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North Carolina’s Republican-controlled House has advanced a previously vetoed proposal to restrict how teachers can discuss certain racial topics that some lawmakers equate to “critical race theory.” The House voted 68-49 along party lines Wednesday for legislation banning public school teachers from compelling students to believe they should feel guilty or responsible for past actions committed by people of the same race or sex. House Democrats challenged Republican claims that the bill would reduce discrimination and argued that a comprehensive history education should make students uncomfortable. Republicans are one seat short of a veto-proof supermajority and will likely need some Democratic support for the measure to become law.

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Authorities in South Carolina say a former soldier shot and killed three children as they slept in their home while their mother frantically sought help. The ex-soldier then killed himself. Sumter Police Chief Russell Roark says Charles Slacks Jr. also killed an Army solider who worked with the children’s mother and happened to be at the home. Slacks and the woman were divorced, but he still had a key and let himself in around 10 p.m. Tuesday. Slacks shot the co-worker in the backyard, pushed past the mother and shot the children upstairs. They were a 5-year-old, 6-year-old and an 11-year-old.

National & World AP Stories

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An explosion at a chocolate factory in Pennsylvania Friday killed five people and left six people missing. West Reading Borough officials said a number of other people were injured by the explosion at the R.M. Palmer Co. plant about 60 miles northwest of Philadelphia. The explosion just before 5 p.m. sent a plume of black smoke into the air, destroying one building at the facility and damaging a neighboring building with apartments. Chief of Police Wayne Holben says the cause of the explosion remains under investigation. A spokesperson says eight people were taken to Reading Hospital Friday evening.

Emergency officials in Mississippi say 23 people have been killed by tornadoes that tore through the state on Friday night, destroying buildings and knocking out power as severe weather produced hail the size of golf balls moved through several southern states. The Mississippi Emergency Management Agency confirmed 23 deaths early Saturday with dozens of injuries and four people missing throughout the state. The agency says in a Twitter post that search and rescue teams from numerous local and state agencies were deployed along with personnel to assist those impacted by the tornadoes. The rural towns of Silver City and Rolling Fork have reported severe destruction as the tornado swept northeast at 70 mph without weakening.

Recent moves by President Joe Biden to pressure TikTok and approve oil drilling in an untapped area of Alaska are testing the loyalty of a young voters. And that's a group that's largely been in Biden's corner. Youth turnout surged surged after Donald Trump was elected president in 2016. These voters helped Biden eke out victories in swing states in 2020 and helped Democrats pick up a Senate seat last year. But the 80-year-old president has never been the favorite candidate of young liberals itching for a new generation of American. leadership. As Biden gears up for an expected reelection campaign, a potential TikTok ban and fresh oil drilling could weigh him down.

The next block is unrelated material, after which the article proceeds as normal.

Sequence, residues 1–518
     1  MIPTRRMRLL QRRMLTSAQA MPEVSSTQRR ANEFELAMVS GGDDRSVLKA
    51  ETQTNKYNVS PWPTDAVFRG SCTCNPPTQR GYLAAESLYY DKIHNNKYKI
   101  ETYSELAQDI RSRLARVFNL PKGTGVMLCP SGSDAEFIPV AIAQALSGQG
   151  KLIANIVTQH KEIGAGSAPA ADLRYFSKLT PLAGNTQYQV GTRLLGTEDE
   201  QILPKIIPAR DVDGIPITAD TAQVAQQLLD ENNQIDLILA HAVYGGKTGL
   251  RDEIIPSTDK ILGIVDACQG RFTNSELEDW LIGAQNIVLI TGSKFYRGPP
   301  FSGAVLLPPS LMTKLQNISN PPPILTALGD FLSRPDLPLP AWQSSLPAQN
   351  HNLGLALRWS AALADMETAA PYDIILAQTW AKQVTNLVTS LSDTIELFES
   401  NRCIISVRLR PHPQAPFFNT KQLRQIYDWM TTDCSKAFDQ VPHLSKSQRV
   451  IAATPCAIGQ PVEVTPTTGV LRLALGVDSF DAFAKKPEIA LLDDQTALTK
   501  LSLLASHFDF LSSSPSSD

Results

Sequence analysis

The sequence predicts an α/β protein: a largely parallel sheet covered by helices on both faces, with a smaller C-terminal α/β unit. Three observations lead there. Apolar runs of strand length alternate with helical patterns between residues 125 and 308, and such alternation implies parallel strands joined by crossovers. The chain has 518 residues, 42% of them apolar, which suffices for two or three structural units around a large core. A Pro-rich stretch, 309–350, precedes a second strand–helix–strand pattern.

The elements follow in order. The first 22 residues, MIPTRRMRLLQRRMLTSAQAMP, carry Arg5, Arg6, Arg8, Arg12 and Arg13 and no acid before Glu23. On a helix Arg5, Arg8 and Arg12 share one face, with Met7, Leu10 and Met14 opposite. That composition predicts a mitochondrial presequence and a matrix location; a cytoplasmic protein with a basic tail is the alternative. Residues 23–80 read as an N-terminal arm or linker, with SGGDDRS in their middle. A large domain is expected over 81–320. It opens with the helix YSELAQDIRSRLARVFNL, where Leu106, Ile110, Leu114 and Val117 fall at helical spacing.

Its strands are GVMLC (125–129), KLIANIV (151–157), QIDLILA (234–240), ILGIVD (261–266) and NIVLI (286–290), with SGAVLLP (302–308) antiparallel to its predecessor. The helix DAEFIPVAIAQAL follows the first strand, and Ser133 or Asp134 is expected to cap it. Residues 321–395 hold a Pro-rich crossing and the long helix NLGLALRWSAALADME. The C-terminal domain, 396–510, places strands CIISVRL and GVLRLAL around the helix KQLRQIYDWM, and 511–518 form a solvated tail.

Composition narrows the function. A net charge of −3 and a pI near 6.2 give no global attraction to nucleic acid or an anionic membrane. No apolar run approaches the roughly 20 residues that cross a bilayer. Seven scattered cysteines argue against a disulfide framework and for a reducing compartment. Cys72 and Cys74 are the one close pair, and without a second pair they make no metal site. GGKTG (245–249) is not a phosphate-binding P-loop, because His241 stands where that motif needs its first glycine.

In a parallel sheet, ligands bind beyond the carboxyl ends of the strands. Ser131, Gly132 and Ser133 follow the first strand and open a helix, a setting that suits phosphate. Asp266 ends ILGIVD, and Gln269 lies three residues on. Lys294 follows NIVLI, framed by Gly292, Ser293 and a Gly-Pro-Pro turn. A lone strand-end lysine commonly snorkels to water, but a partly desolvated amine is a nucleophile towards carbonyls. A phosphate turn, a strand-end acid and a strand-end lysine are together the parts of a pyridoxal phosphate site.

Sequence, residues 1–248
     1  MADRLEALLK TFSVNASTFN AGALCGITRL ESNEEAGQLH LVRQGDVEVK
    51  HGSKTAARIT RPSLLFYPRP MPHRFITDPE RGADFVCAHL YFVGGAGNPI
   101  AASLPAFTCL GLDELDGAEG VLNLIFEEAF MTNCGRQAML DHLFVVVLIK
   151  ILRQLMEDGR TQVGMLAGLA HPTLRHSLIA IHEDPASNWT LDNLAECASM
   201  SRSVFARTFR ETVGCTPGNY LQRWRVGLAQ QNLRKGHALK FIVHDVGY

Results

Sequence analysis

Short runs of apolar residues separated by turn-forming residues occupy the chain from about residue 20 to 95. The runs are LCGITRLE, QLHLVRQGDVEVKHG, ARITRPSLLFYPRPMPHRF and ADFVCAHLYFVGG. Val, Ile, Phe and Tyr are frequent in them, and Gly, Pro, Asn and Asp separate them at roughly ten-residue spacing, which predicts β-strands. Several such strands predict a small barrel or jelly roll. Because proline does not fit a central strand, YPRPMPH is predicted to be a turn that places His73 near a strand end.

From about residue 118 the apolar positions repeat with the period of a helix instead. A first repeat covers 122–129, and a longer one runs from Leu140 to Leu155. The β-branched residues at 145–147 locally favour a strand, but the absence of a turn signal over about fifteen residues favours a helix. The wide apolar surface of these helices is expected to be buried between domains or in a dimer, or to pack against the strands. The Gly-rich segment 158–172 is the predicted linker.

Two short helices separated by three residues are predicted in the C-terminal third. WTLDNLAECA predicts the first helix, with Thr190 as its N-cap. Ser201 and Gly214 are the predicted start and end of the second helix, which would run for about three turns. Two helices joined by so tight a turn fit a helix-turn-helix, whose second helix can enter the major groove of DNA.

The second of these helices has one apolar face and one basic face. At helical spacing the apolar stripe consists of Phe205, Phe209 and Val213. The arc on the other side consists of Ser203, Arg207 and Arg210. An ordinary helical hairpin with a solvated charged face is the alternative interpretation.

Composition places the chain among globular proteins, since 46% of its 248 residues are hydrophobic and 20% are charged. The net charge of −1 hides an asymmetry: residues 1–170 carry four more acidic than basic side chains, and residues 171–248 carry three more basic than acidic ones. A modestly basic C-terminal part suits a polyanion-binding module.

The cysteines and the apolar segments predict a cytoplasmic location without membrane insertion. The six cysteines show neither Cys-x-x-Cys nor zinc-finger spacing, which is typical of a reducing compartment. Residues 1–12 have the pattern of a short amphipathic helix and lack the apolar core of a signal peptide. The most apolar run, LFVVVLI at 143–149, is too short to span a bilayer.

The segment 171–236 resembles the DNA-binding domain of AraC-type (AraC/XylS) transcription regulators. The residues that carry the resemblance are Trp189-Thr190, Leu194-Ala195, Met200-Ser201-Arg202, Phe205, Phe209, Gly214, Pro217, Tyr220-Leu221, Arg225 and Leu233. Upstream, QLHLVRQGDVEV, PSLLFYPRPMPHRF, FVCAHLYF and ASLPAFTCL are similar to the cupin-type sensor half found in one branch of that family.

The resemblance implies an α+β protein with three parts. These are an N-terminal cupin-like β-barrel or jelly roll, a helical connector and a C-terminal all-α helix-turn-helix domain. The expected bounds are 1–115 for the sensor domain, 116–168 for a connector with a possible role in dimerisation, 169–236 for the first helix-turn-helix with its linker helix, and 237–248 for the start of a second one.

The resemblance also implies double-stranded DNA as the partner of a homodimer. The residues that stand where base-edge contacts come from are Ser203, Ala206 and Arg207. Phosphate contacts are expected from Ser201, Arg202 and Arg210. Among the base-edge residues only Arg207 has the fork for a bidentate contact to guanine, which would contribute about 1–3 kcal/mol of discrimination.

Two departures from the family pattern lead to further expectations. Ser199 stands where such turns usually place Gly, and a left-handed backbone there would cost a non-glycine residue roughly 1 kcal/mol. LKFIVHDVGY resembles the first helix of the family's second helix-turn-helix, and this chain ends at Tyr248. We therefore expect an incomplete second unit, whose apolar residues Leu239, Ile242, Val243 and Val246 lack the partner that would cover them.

Hundreds of women are traveling weekly to the southern tip of Illinois to secure an abortion. It's something no longer available to millions of women living in a 1,800 mile stretch of 11 Southern states that have mostly banned pregnancy terminations since last June, when the Supreme Court stripped away constitutional protections for women to end pregnancies. Clinics in the southern Illinois region are struggling with the growing demand. The waitlist has grown from two days to nearly three weeks at one clinic in Fairview Heights, Illinois. A doctor there says, "We are on this teeter-totter of what can we do here to make more space for the people who are going to be fleeing their home state.”

Pope Francis has updated a 2019 church law aimed at holding senior churchmen accountable for covering up cases of sex abuse. He has expanded the norms to cover lay Catholic leaders and reaffirmed that vulnerable adults can also be victims of abuse when they are unable to consent. Francis reaffirmed and made permanent the temporary provisions of the 2019 law that were passed in a moment of crisis for the Vatican and Catholic hierarchy. That law had been praised at the time for laying out precise mechanisms to investigate complicit bishops and religious superiors, but its implementation has been uneven and the Vatican has been criticized by abuse survivors for continued lack of transparency about the cases.

The Iraqi province of Diyala has seen a spike in bloody attacks over the past month that killed at least 19 civilians, including women and children. At least one instance appears to have been a Shiite revenge attack against Sunnis over an Islamic State group attack. But other violence, residents say, is by Shiites against Shiites as rival militias, backed by tribal and political allies, struggle over influence and over lucrative criminal activities like smuggling. The bloodshed is straining ties among communities in Diyala, an ethnically and religiously diverse province north of Baghdad. It also raises questions about the sustainability of the relative calm and stability that has prevailed in much of Iraq in the years since the defeat of IS.

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Gordon Moore, the Intel Corp. co-founder who set the breakneck pace of progress in the digital age with a simple 1965 prediction of how quickly engineers would boost the capacity of computer chips, has died. He was 94. Intel and the Gordon and Betty Moore Foundation say Moore died Friday at his home in Hawaii. Moore made his famous observation three years before he helped start Intel in 1968. It's now known as “Moore’s Law." Moore later became known for his philanthropy when he and his wife established the Gordon and Betty Moore Foundation.

Berlin voters on a proposal Sunday that would force the German capital to drastically ramp up its climate goals. The referendum calls for Berlin to become climate neutral by 2030, meaning that within less than eight years the city would not be allowed to contribute further to global warming. An existing law sets a deadline for achieving that goal at 2045, which is also Germany’s national target. The center-right Christian Democratic Union, which won a recent re-run election in the capital, opposes the ambitious target but would be bound to implement it if the referendum passes. The grassroots group that initiated the vote has received considerable financial support from U.S.-based philanthropists who say it could become a “model for the rest of the world.”